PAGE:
Steady property business in Grahamstown

UNLIKE in many regions throughout the country, property prices in Grahamstown were not affected by the recession period at all, according to Remax South Africa chief executive Adrian Goslett.

Since 2004, property values in the area have seen a steady appreciation, with the current average price of a freestanding home about R1.2-million and the average price of a sectional title unit about R703000.

Property in the area consists of 87.18% freestanding homes and 12.82% sectional title units, according to Lightstone’s property report.

While property prices were not affected, Goslett says sales transactions were, with numbers decreasing by almost half in 2009.

Sales from 2009 up to the end of last year have remained fairly stable, with an average of 155 freestanding homes and 43 sectional title units sold per month. Goslett notes that about 50% of the recent buying activity in Grahamstown is from consumers aged between 36 and 49 years old, while about 25% of buyers are aged 18 to 35 years old.

The largest group of existing homeowners in the area are aged between 50 and 64 years old, Goslett points out, the same demographic that accounts for nearly 40% of the recent sellers.


The most sought-after real estate in Grahamstown are properties that fall within the R800000 to R1.5-million price bracket, Goslett says.

These homes account for 38% of all properties sold in the area from March last year to February this year. Also popular are homes priced between R400000 and R800000, with 29.1% of homes sold in the same period falling within this price range.

Homes priced between R1.5-million and R3-million, along with those under R400000, each accounted for 15% of all the property sold last year.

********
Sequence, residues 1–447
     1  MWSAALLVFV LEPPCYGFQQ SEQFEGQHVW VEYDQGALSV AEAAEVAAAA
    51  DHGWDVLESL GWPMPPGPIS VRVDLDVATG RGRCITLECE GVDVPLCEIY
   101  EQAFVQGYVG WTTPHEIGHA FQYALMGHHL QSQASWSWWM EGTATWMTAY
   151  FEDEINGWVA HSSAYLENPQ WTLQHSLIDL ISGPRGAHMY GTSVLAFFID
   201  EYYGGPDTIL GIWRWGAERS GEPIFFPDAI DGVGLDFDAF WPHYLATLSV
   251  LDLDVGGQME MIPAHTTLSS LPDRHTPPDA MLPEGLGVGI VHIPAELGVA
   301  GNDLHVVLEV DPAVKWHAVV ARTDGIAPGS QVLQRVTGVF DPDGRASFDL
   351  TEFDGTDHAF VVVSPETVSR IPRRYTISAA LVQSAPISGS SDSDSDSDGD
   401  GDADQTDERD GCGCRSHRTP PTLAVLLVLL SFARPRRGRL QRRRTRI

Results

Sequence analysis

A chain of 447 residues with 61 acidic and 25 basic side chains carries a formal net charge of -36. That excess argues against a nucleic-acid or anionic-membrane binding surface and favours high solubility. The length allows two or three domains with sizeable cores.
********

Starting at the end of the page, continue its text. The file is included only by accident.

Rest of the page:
About 2.8% of properties sold last year were priced at more than R3-million.


Founded in 1812 by Lieutenant-Colonel John Graham, the original purpose of Grahamstown was to act as a military outpost for British soldiers securing the eastern frontier of the Cape Colony against the Xhosa.

The Xhosa were almost able to take the town on April 22 1819. However, in spite of many losses, the British were able to ward them off with heavy artillery and gunfire.

Nxele, the leader of the Xhosa, surrendered and was imprisoned on Robben Island where he later died during an escape attempt. Following the arrival of the 1820 Settlers, Grahamstown experienced massive expansion as many of the settlers left farming to pursue other occupations.

Over the next few decades, Grahamstown became the second largest city in the then Cape Colony, second only to Cape Town itself.

By 1852 it was commonly known as the cultural hub of the Albany area – an English- speaking and culturally diverse district.

During 1872 the Cape Government Railways began constructing a railway line from Grahamstown to Port Alfred along the coast, as well as a national inland railway network.

By September 1879, the railway was completed, which helped in Grahamstown’s expansion and population growth. Grahamstown became known as an education hub with the establishment of the Rhodes University College in 1904, following a grant from the Rhodes Trust.

It became a fully fledged university during 1951 and is now known simply as Rhodes University – a world-class tertiary education institution.

Grahamstown is also home to a high court, which is a local division of the Supreme Court of South Africa located in Cape Town.

It has become synonymous with the National Arts Festival, Africa’s largest and most colourful arts and culture festival.

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